Can you identify the Code violation(s) in this photo?
Hint: What’s missing?
Find the Answer
How well do you know the Code? Think you can spot violations the original installer either ignored or couldn’t identify? Here’s your chance to moonlight as an electrical inspector and second-guess someone else’s work from the safety of your living room or office. Can you identify the Code violation(s) in this photo?
‘Tell Them What They’ve Won...’
Using the 2011 NEC, correctly identify the Code sections that show violation(s) in this month’s photo — in 200 words or less — and you could win something to put in your toolbox. E-mail your response to [email protected], and we’ll select three winners (excluding manufacturers and prior winners) at random from the correct submissions. Winners will receive a set of insulated hand tools from Ideal Industries, Inc., valued at more than $125.* The set includes 9.25-in. insulated side-cutting pliers, 10-in. insulated tongue-and-groove pliers, and a 0.25-in. 3 6-in. insulated screwdriver. (* Please allow six to eight weeks for delivery of tools.)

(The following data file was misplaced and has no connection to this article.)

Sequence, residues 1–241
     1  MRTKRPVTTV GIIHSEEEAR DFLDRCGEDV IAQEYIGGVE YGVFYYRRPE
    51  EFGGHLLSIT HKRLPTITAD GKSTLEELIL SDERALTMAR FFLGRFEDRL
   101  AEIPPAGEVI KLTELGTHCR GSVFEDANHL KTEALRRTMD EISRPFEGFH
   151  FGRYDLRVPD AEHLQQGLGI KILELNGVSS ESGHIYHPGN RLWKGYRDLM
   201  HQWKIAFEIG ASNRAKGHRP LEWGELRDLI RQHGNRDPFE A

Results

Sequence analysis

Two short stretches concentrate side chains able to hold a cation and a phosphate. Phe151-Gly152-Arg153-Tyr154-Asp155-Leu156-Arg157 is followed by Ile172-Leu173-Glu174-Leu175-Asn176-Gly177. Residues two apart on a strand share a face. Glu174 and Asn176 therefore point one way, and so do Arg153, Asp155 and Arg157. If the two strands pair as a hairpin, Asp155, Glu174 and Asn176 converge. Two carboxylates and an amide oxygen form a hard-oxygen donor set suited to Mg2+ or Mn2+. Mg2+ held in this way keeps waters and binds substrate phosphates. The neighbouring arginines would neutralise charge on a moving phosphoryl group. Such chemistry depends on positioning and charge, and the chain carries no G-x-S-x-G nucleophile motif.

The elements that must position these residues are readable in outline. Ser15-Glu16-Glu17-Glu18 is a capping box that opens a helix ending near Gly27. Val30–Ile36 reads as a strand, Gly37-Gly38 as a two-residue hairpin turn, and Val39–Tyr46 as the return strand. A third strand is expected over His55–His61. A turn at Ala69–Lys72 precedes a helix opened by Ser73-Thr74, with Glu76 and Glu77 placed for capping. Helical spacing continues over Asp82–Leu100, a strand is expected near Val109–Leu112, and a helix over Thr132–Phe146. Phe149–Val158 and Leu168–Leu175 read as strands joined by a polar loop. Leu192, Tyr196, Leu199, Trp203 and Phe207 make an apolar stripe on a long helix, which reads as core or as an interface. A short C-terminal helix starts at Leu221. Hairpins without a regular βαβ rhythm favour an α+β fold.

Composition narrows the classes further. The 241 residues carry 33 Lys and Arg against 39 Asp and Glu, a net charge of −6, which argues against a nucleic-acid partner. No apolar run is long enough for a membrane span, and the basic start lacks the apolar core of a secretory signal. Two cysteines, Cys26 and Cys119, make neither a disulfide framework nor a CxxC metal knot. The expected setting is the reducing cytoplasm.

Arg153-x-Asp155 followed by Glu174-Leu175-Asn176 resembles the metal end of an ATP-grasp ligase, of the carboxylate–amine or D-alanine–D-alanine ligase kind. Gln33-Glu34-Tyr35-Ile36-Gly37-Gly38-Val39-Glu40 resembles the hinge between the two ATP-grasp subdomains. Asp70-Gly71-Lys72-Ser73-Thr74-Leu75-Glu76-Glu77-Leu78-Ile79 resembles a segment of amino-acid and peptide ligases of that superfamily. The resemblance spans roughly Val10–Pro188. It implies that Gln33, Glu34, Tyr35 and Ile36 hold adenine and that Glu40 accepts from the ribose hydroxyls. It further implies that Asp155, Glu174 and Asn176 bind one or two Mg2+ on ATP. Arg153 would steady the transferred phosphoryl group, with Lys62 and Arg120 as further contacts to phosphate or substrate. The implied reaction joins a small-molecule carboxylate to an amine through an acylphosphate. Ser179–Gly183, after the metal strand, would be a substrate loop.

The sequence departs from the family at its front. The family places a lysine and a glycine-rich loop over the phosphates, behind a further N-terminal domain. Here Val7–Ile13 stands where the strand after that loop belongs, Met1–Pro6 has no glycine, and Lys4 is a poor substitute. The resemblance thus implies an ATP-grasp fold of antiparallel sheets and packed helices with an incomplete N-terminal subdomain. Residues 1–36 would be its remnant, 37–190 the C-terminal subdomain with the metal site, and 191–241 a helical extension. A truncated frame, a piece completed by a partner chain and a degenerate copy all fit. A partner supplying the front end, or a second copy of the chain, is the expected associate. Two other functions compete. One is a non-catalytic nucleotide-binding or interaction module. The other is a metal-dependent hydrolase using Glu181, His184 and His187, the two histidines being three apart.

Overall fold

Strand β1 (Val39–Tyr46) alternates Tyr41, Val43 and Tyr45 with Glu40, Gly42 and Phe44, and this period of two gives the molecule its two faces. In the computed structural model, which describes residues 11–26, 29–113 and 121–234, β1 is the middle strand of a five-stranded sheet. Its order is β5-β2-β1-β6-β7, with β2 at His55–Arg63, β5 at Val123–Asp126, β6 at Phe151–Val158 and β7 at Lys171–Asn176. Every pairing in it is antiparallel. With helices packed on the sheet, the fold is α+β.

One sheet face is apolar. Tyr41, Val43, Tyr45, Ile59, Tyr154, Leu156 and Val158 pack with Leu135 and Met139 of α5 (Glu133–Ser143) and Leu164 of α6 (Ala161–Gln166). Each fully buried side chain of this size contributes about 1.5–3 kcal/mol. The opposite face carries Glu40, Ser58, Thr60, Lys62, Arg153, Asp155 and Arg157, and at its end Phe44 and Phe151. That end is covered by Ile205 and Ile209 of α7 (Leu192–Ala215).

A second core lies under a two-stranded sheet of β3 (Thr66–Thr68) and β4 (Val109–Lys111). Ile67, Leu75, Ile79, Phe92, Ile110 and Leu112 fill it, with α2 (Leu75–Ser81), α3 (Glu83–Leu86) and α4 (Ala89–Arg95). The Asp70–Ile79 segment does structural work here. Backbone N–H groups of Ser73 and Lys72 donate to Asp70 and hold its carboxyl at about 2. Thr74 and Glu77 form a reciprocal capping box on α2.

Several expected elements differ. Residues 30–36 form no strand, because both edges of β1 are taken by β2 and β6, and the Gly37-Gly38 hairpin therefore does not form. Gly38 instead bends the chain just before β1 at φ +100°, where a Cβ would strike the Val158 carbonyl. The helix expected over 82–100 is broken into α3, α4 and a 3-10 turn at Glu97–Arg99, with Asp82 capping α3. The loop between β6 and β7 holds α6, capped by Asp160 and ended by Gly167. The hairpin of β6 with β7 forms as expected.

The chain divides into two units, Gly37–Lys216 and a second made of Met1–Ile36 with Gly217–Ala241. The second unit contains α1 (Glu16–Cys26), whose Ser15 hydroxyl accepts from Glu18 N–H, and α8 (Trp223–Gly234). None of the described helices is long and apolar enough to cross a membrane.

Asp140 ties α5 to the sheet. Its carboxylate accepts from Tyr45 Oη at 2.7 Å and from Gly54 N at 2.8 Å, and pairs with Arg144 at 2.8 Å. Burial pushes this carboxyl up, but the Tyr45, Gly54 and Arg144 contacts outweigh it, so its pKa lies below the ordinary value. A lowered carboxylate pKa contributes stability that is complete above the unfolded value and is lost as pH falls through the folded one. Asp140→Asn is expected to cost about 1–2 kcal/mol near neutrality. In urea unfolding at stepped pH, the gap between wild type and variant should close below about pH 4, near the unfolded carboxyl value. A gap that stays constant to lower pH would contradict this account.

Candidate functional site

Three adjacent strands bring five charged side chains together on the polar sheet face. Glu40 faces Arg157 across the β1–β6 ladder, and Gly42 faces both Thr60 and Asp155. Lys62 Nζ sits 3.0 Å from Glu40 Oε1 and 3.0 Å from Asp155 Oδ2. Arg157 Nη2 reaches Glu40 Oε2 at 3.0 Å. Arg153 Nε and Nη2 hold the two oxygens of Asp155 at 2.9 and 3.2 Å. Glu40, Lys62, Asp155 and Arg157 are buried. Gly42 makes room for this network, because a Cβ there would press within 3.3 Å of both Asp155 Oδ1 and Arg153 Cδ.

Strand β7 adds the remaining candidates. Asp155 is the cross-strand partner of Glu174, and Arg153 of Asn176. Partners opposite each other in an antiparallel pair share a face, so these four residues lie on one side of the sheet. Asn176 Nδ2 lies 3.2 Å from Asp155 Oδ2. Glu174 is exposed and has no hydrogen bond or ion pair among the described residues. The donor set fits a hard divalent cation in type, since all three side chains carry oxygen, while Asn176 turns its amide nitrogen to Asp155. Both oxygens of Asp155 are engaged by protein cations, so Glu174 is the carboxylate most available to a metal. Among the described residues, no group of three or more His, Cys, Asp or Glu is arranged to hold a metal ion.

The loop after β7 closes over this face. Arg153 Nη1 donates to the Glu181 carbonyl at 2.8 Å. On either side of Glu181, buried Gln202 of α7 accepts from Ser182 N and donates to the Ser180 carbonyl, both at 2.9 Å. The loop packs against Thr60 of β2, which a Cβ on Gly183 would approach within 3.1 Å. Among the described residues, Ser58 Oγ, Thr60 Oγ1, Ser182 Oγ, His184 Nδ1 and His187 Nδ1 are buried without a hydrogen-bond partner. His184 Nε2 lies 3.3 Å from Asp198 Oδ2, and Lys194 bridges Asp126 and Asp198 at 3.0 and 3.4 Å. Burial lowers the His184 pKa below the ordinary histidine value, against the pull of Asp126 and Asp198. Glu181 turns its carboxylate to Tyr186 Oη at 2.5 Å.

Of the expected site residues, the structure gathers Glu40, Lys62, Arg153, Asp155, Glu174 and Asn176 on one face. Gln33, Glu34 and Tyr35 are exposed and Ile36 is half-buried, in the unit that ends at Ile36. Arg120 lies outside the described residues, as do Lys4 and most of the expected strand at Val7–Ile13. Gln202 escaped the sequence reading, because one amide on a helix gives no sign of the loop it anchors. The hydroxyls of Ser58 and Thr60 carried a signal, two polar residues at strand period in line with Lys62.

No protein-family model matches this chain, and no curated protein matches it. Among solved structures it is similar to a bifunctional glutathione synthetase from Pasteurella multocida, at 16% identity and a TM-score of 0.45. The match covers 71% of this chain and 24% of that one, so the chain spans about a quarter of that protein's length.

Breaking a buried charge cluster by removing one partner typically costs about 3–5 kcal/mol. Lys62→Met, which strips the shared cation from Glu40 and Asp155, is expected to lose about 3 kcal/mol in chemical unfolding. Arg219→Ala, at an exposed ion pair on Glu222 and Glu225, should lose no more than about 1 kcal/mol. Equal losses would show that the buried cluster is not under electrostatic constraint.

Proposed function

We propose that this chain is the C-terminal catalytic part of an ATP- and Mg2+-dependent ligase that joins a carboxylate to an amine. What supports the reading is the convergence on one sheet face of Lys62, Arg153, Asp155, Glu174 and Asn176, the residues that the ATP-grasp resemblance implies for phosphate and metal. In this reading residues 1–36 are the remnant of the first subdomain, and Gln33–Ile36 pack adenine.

Our two winners this month include: Brian Trumble, project manager, New Energy Service, Inc., Titusville, Fla., and Fred Schlosser, owner, eWire Electric Co., Winston-Salem, NC. Here’s a short recap of the violations they noted at the base of this pole.
Metal poles can be used as raceway to enclose supply conductors, but the handhole must have a cover suitable for use in wet conditions. The missing cover violates 410.30(B)(1).
Live parts 50V or higher are not guarded, because they are outside the enclosure. The exposed conductors violate the requirements of 110.27(A)(2). Section 300.4 could also be cited, as the conductors are now unprotected and subject to physical damage.
The conduit leading up to the bell box shall comply with 300.5(D)(4), which states: “Where the enclosure or raceway is subject to physical damage, the conductors shall be installed in rigid metal conduit, intermediate metal conduit, schedule 80 PVC conduit, or equivalent.” If the conduit is schedule 40 PVC, this would be a violation. Assuming the PVC is schedule 40, it is not guarded against physical damage. This is a violation of 352.12(C).